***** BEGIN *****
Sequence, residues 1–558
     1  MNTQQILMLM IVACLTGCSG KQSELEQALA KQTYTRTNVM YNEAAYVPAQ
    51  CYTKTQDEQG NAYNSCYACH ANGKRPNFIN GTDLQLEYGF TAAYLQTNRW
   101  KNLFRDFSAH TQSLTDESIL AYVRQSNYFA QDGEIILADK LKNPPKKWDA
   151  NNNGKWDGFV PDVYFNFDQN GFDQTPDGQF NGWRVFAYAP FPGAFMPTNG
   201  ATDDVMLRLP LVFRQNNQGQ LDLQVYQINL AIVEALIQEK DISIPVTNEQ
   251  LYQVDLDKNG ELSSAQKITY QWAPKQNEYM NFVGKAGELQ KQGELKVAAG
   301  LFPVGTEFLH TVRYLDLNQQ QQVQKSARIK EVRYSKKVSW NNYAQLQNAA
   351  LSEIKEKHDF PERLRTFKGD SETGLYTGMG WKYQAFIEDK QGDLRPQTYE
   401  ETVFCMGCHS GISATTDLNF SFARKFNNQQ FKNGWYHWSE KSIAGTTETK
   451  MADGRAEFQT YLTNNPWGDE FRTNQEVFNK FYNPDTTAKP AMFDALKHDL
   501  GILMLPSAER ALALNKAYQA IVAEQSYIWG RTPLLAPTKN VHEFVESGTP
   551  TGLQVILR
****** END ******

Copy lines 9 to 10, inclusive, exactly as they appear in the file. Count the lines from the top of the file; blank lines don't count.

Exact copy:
   351  LSEIKEKHDF PERLRTFKGD SETGLYTGMG WKYQAFIEDK QGDLRPQTYE
   401  ETVFCMGCHS GISATTDLNF SFARKFNNQQ FKNGWYHWSE KSIAGTTETK